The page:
After a break for more tea, biscuits (a cigarette if needed) and camaraderie it was time for the second half. Here, the Chair would go around the room, inviting people to comment or respond to his shared story or indeed just to speak. I was reassured by my guide I did not need to speak and could opt to pass when it came to my turn. As talking aloud was one of my reasons for going I decided I would speak. I said I had accepted the fact that I could not moderate or control my drinking and was not sure I could remain alcohol free alone. Out of the blue I became over-whelmed with emotion and began to cry. Tears were pouring down my face as I randomly spoke of all the things in my mind but strangely, I did not seem to care. I continued to speak whilst sobbing and hiccoughing throughout. It was such a relief to speak out loud to an understanding unknown audience. I felt a weight lifting from my shoulders as I finally admitted it aloud. By confessing I could really wipe the slate clean and live differently. I felt calm and relieved. Things were actually going to be okay.
Afterwards, another woman gave me her mobile number and said to call anytime. I chatted to her for a few minutes outside and she suggested if time allowed that we continue our chat at the coffee shop across the road. I surprised myself by accepting the invitation there and then. Now that my pressure relief valve had opened I wanted to continue to talk. I enjoyed the hour we spent talking about alcoholism, her experiences and my hopes and fears.
I left feeling a great release of tension. I felt lighter. I could now talk openly and honestly to a friend about my problem and the millions of thoughts buzzing around my brain.
Subsequently I went to a few other meetings. I became accustomed to meeting and greeting strangers with infectious enthusiasm. The tales I heard were varied. People who had lost everything, their job, their spouse, their children. their self respect. People who were grateful for things now back in their life because they were sober, being allowed contact with grandchildren or once again being invited to family celebrations. These accounts re-enforced my view that if I returned to drinking I would end up further down that same slippery slope. No one was immune. The disease, as those in AA believe it to be, is progressive. Over time alcohol consumption continually increases. Our need becomes greater and our requirements increase as our bodies become ever more efficient at handling the drug. More and more is required to attain the same mind altered state as time goes by and more is required to normalise the habitual drinker and render him or her functional. I had experienced this throughout the preceding ten years of my life and felt thankful I had recognised this increase and drawn a halt to it, before I lost the big things in life that were important to me. I always left AA meetings with renewed conviction to remaining free from alcohol. My feeling it was the right thing to do was affirmed and the stories I heard sent me a frightening warning of what could happen, if I were to give alcohol a way back in.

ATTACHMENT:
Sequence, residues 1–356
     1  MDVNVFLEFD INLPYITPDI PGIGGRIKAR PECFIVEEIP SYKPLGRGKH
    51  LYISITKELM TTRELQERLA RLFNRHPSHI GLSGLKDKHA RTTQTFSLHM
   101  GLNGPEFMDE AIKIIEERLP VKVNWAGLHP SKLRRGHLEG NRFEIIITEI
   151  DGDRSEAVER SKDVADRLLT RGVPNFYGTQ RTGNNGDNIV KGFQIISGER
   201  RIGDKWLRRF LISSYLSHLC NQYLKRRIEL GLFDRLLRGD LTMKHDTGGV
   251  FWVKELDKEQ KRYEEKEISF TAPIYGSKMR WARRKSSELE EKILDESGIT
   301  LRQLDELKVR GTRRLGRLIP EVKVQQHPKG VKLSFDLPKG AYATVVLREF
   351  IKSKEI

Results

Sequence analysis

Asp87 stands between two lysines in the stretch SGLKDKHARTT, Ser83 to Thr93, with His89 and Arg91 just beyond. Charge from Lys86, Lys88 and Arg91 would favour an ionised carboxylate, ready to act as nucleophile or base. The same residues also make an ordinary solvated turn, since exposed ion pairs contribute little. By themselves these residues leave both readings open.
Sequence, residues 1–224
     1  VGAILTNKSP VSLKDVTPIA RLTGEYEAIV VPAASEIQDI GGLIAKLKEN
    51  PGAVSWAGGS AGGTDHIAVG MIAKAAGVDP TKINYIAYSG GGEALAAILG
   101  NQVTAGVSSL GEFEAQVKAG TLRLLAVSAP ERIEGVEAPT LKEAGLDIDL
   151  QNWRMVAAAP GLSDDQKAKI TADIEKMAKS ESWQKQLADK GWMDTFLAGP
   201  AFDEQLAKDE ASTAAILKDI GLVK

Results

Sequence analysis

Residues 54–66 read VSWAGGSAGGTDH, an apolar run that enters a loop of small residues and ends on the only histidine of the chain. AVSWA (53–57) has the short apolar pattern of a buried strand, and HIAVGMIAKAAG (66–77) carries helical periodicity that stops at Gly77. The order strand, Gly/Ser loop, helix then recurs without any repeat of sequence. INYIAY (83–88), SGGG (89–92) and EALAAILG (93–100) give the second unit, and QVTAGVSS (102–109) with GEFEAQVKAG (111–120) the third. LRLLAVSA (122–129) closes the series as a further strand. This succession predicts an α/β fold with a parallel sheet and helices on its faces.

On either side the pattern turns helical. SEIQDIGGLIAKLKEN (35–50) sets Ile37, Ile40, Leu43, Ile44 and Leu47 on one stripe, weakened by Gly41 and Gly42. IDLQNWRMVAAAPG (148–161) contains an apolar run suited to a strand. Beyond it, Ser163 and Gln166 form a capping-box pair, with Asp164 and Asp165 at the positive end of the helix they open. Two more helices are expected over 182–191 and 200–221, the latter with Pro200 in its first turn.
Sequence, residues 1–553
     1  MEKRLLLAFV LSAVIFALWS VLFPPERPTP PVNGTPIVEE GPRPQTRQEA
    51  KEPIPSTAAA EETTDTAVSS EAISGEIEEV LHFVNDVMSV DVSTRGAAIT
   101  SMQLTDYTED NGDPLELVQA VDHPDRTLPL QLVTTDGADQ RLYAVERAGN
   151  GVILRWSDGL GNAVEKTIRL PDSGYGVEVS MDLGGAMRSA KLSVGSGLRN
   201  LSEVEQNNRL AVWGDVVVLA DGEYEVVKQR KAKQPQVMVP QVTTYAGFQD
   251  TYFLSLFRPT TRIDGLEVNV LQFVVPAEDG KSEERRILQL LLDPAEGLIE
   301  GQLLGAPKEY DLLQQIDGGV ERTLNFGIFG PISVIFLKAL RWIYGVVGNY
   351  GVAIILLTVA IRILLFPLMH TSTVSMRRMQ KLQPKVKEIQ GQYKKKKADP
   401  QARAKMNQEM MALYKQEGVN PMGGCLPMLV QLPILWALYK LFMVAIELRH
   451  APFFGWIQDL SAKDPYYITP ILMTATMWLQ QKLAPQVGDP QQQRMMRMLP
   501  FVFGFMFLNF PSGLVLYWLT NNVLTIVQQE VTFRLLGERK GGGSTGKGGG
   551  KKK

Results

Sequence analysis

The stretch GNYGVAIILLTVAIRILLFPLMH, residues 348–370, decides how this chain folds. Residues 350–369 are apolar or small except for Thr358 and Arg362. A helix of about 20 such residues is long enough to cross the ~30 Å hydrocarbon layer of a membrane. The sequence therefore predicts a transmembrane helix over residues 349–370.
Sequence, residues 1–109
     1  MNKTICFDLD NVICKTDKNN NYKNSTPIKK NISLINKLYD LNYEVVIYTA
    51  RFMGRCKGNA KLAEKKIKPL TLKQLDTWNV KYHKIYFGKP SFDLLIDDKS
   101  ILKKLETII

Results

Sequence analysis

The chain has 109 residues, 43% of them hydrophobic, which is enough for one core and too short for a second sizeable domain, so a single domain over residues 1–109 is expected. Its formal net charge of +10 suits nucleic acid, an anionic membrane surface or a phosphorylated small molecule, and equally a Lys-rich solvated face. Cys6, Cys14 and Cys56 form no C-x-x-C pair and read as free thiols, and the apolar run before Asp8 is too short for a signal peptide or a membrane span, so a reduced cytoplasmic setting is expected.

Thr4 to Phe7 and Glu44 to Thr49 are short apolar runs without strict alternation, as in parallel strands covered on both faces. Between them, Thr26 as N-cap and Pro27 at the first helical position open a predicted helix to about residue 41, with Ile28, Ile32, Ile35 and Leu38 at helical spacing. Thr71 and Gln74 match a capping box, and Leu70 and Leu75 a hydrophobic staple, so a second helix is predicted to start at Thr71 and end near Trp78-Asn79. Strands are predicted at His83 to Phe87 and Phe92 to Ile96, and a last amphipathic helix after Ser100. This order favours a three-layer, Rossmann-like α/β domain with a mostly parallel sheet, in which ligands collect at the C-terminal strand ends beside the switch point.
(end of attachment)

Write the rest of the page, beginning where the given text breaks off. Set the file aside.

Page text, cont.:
I never joined a particular group or attended any one meeting regularly. Subconsciously I did not want to be one of them or commit fully to their program. Hence I was always identified as the Newcomer at meetings. This was welcoming at first and I appreciated the good wishes and accepted the congratulations for having taken the brave step of attending. With time it became tiresome. I felt conspicuous. Most people, when speaking, referred to the new person in the room with some advice or comment and I felt all heads turn to face me each time. It was too much attention, well meant but over bearing. Neither was I sure I agreed with some of the underpinning philosophies. I don’t believe in higher powers. Personally, I don’t believe I have a disease for which there is no cure. I don’t have a constant day in day out hankering for alcohol and am not worried I could be drawn to drink at any minute of any day. Indeed I still have a lot of alcohol in the house which would be against the advice of many. I have removed my temptations though, and as long as there is no white wine chilling in the fridge I know I will be okay. I believe simply that I have a choice whether to drink or not and that the correct choice is hard to make at certain times. This will always be the case for me and I will need to be continually on my guard to identify and plan for when such situations arise.
There are many sound bites regularly repeated in AA circles and many of them I find very helpful and so true. You never regret not having another drink. You never regret not drinking. Avoid the first drink and you will be okay. One day at a time.
One day at a time is an interesting concept. It is used in AA to keep things in the current moment. Not to plan or commit to the future. It is used to convey a knowledge that while one is sober today, it is not guaranteed you will be so tomorrow. I like the idea of one day at a time. I like that it is a small manageable chunk of time, but I find it has many negative connotations in AA. It is used to depict a life where today is yet another that I’m struggling through. I am trying hard not to drink at each and every moment of the day and it is such an uphill struggle I do not know if I can manage it tomorrow as well. Who knows what may happen then? There is a reluctance to look forward to a more enjoyable life as well as a guarded reticence to looking back, celebrating that already achieved.
I prefer to reframe this thought so as to mean that I’m enjoying this way of life, one day at a time. The number of days passing is not the focus of my life, rather they represent a marker of the beginning of this new way to live. The time passed is an accumulation of many single days of this way of life, rather than a millstone around my neck. I do not want alcohol and the fact that I do not drink it to be the defining feature of my life.